Do you ever get sick of the protein bars they sell at the store? I sure do. Especially considering that many of the protein bars out there contain more sugar than protein (super annoying, and more on that in a couple weeks….). It’s funny, I tell clients to make their own protein bars and I often get these blank stares, and I know what they are thinking;
“Is this women nuts? I don’t have time to make my own protein bars! I’ll go through them in a week and then I’ll just have to make more”.
Sure this might be true, but that’s why you make double or triple batches, right?! Or you can use that as motivation to not eat them as fast. Either way, I’m telling you it’s typically better to make protein bars from scratch, because check out the ingredients, do you notice anything? Yep, you guessed it, you can actually pronounce all the words, and actually picture the ingredients. Glorious.
4.7 from 3 reviews
Protein Bars with Oats, Chia and Dark Chocolate
- 1 mashed banana
- 1½ cups dry old fashioned oats
- 2 Tbsp. chia seeds
- 3 scoops protein powder (unsweetened, ~20 grams protein per scoop) **
- ¼ cup peanut butter
- ¼ cup shredded unsweetened coconut **
- ¼ cup coconut oil, or butter, melted
- ¼ cup water
- 5 squares of a good dark chocolate (at least 55% cacao)
- Mix all ingredients but the chocolate together in a bowl. Line an 8 x 8 inch pan with foil and spread the mixture evenly in the pan. Melt chocolate on the stove or in the microwave. Drizzle melted chocolate over mixture in the pan and spread it out evenly.
- Place the pan in the freezer for at least 2 hours. Cut into 12 bars and wrap in plastic or foil and store in freezer. Before serving, thaw for about 5 minutes.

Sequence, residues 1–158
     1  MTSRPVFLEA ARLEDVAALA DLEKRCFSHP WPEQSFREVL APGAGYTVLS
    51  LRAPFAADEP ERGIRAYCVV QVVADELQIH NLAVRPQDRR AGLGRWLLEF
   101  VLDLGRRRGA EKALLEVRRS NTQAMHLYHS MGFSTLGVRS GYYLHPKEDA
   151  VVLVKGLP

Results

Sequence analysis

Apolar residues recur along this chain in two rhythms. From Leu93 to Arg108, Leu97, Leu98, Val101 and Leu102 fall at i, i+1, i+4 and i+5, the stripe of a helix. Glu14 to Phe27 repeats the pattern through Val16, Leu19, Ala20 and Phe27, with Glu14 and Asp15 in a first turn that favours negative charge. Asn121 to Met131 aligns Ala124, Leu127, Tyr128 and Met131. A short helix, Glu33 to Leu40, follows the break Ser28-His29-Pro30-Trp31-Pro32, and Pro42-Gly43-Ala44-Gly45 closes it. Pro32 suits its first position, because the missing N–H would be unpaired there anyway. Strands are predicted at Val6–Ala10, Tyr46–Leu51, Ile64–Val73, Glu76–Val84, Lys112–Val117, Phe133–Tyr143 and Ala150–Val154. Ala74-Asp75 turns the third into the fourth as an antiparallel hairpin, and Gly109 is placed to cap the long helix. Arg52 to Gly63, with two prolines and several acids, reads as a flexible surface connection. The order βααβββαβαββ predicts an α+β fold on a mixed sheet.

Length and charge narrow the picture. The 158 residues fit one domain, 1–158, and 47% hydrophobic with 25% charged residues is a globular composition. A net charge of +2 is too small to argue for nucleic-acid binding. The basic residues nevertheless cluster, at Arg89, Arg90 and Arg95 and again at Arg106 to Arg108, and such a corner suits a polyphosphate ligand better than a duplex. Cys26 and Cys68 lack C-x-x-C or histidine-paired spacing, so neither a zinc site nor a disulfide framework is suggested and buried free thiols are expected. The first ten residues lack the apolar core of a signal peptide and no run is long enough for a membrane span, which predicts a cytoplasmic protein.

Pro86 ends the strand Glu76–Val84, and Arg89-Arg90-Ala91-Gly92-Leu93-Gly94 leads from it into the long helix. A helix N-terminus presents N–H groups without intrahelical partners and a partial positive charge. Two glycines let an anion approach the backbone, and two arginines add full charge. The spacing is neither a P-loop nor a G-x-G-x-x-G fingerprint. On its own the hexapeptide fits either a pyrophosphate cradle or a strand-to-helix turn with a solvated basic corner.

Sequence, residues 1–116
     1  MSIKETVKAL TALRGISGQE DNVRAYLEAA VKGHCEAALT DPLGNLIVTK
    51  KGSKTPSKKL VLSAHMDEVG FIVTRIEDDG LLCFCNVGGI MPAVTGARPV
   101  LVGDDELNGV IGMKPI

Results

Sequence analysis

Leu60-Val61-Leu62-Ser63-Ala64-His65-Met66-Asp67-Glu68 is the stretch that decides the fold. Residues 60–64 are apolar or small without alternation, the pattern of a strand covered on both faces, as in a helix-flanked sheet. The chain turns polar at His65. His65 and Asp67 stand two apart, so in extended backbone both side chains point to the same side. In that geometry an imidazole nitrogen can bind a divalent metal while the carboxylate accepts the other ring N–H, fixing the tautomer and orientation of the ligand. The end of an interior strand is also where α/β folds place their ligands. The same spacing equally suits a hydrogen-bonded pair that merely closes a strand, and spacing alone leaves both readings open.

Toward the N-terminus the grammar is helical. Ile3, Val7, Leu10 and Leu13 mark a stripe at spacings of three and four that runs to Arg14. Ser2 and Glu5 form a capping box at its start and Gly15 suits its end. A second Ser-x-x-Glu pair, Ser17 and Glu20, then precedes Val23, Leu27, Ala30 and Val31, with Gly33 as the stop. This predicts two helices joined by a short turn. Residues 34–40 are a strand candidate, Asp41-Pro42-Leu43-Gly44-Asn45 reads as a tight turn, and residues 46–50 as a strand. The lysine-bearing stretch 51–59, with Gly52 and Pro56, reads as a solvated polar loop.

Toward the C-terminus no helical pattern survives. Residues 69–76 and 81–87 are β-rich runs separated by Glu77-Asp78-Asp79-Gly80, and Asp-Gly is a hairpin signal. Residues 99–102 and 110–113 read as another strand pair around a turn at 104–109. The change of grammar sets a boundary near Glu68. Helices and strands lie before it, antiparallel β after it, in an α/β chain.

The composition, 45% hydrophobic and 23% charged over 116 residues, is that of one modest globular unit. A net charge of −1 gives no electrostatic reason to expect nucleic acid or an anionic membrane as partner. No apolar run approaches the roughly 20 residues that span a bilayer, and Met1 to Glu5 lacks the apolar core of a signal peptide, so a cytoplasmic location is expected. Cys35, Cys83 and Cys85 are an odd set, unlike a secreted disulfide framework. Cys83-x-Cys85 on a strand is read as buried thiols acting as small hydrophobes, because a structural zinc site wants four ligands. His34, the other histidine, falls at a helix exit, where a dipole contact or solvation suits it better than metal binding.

** If you are following a low FODMAPs diet these are likely safe to eat. Keep in mind; I would recommend using a soy protein powder if you are very sensitive to lactose. Also, if you are in the elimination phase of the diet do not use the shredded coconut, and definitely use a soy protein powder (coconut only contains FODMAPs when consumed in amounts greater than ½ cup, but in the elimination phase it’s best not to have it at all).
Serving size: 1/12th of pan Calories: 210 Fat: 11 g Saturated fat: 6.5 g Carbohydrates: 19.5 g Sugar: 4 g Sodium: 56 mg Fiber: 3.5 g Protein: 10 g Cholesterol: 13 mg
Nutrition Highlights: Under 250 calories (not bad for a granola bar like this, it’s very hearty!), only 4 grams of sugar (only half of which is “added sugar”), excellent source of protein and good source of fiber. The nutrition facts are based on 12 servings per recipe. You could always make them smaller and make 16 (I did this the first time I made these and they were still a great size and very filling!)
Once I took them out of the freezer to cut, I took a bite. They softened gently in my mouth and the flavors just coated my taste buds. Oh my gosh, better than anything I could buy at the store. After I cut them up I put them in a freezer bag to keep for later in the week, and the following week (I made a double batch). I noticed that they do freeze and turn almost solid. However, once you take them out of the freezer it only takes about 3-4 minutes for them to defrost enough for a soft and chewy bite.
So long Quaker! Hello homemade. And if you, or your children (or husband, in my case) prefer milk chocolate over dark, I say go for it. I’m a freak and use 90% dark. Yes, 90%. Like I said, I’m a freak (I’m obviously not a super taster). You could also choose a dark chocolate that is 55% dark, which is still dark enough to provide some phytonutrient benefits. So, go ahead, make these bars, and feel good knowing you will have something to help you “Detox” after Thanksgiving. You’re welcome.